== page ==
FDP Forum / OMG, I have a new guitar!/ 5 messages in thread.

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Beatlefreek



Canada

Living is easy with eyes closed
Dec 28th, 2012 11:18 PM        

I just got a 1995 Jaguar '66 Reissue (Japan). It's the one with the neck binding, block inlays and natural headstock with a sunburst body. I've never owned a Jag before â or Jazzmaster, for that matter. The Jag was a craigslist find and it was already strung with wound 10's. <br /> <br /> I read all I could find about the Jaguar, and its accompanying noisy bridge, with most people it seems going for a Mustang bridge as a replacement. <br /> <br /> But I had come across a number of articles and posts, though, that pointed out that the Jaguar and Jazzmaster were designed with the string gauges of the day in mind (ie: 11's and up).<br /> <br /> Now, I haven't had this guitar set up properly yet, but I just put on a set of D'Addario Chrome flatwounds (11 to 50) just out of curiosity to see what they would be like â to see if I should switch to the recommended flats.<br /> <br /> Well, holy doodle! The bridge buzzing is virtually gone. It would seem that the heavier string gauge (for which the bridge was apparently designed) exerts a lot more pressure on the bridge, thus eliminating the buzz. At least that's what it seems is happening to me. And after changing the strings, it's like I'm playing an entirely different guitar.<br /> <br /> I can only imagine what 12's must do.<br /> <br /> Oh, and one more thing. With the 11's, no strings pop out of their rightful saddle position.<br /> <br /> Oh, and one MORE thing. The sound is much deeper, throatier and percussive with the flatwound 11's â beautiful!<br /> <br /> I do plan to do some upgrades: <br /> - Seymour Duncan SJAG-1's<br /> - Upgrade all pots and caps<br /> - Replace old bridge with a new Jag/Jazz bridge (the one on the guitar now has a fair bit of rust on the springs and screws but, more importantly, the previous owner gouged a deep groove on the low E saddle so the low E string still buzzes a bit because it's sitting lower than it should).<br /> <br /> Anyway, what a dang sweet guitar!



reverendrob

FDP Data Goon
Moderator

Still the reason

for the season
Dec 29th, 2012 01:09 PM        

If a Jag/JM won't run with 10s, there's something wrong with it (setup, bad bridge, etc).<br /> <br /> The "bigger strings are a must" is something I never, ever heard before the internet - what I heard at the time from vintage shop owners was 'use light strings' on them and Mustangs because the necks were fragile. That one I don't know either, but just shows how things have changed.<br /> <br /> It's the MIJ guitars that seem to have all the bridge problems - should add ironically that my Squier MII Jag has no issues with the stock bridge and 10s. :)<br /> <br /> Solution to the problem altogether if it emerges is to just slap a TOM on there and be done. Cheap, effective, works.<br /> <br /> Or you can shell out the huge bucks for a Mastery.<br /> <br /> But I'm a cheapskate from the days when these were cheap guitars nobody wanted.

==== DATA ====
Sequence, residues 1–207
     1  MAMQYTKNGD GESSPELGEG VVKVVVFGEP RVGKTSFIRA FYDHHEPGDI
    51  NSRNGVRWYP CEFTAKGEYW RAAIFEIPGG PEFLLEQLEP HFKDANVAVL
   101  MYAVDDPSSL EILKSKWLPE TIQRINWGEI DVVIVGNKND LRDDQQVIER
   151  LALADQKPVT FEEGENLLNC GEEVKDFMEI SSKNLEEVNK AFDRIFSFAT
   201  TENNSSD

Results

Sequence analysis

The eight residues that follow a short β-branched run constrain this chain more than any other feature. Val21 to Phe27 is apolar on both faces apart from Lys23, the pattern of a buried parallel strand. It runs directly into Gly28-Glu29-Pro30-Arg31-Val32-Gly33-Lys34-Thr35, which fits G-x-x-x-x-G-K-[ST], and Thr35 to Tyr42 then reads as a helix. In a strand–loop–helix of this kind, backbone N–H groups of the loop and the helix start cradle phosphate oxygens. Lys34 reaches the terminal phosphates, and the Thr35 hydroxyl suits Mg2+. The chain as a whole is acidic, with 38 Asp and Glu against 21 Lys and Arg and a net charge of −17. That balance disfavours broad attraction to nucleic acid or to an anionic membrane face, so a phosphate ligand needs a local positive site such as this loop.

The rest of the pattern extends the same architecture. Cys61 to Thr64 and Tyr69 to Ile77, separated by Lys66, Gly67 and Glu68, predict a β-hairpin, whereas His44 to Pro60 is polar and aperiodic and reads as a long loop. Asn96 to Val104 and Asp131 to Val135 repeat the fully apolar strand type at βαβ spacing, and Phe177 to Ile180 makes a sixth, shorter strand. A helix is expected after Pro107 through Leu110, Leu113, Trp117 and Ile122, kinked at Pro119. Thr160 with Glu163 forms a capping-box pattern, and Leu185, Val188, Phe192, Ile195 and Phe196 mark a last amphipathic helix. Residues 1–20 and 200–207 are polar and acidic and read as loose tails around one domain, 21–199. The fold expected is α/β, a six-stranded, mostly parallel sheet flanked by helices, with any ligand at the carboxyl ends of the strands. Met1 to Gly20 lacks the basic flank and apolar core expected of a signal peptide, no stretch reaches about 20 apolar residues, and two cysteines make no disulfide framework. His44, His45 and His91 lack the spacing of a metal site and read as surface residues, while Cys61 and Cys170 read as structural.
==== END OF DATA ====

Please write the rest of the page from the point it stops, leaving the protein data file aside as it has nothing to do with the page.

Tonysal123



Usa

Jan 31st, 2016 05:36 PM        

Congrats on your new Jaguar, great find. I just got a 97 CIJ Jaguar myself Candy Apple Red. Ordered some new Seymour Duncan's PUs- Vintage neck, Hot for bridge, Mastery M2J Bridge & new tremolo arm (missing when purchased). After reading many many posts of the Jagaur' bridge issue- and not wanting to use heavy gauge strings, I like 10s. Decided to go with what almost everybody recommends- Mastery, with Staytrem a close second. When all arrives, will have the best shop in Los Angeles do the work/setup- Eric' Guitar Shop. <br /> <br /> Cheers,<br /> T



MLC

Contributing Member
**********
***

It's not just good..

...it's good enough.
Feb 1st, 2016 06:56 AM        

Congrats on the guitar!<br /> My first "real" guitar was a 60's sunburst Jag. That's one I wish I still had.<br /> <br /> Now, I've got a Thinskin (MIA) Jazzmaster.<br /> I did upgrade the bridge to a Mastery and never regretted the move. It made a great guitar even better. Besides string stability, it also improved the tone and sustain of the guitar.<br /> <br /> That said, I wasn't having any issues with the stock bridge, even with 10's. A proper setup will see to that. If you go with the MIA replacement bridge, you should be fine.<br /> <br /> I do usually go with 11's on the JM now, though.<br /> It's a fairly bright guitar and the heavier strings do give it a fuller tone with a little more punch. I've gone back and forth with flats vs. wound. The wound strings are easier to bend, but the flats are smoother seem to have more "thump" to them.<br /> <br /> Enjoy that new offset!!



Hammond101

Contributing Member
*********

So. Cal. USA

Feb 1st, 2016 12:28 PM        

I like the stock JM/Jag bridge. It is part of the vibe of the guitar. Most Fender offsets need a good setup by someone who knows these guitars and their quirks.<br /> <br /> In almost all cases the neck will need to be shimmed to allow for a greater break angle over the bridge. Set up properly you should be able to use and gage string you wish.<br /> <br /> Using a bit of screw lock on the height adj screws and the saddle screws keeps things from moving in use and stops rattle too.



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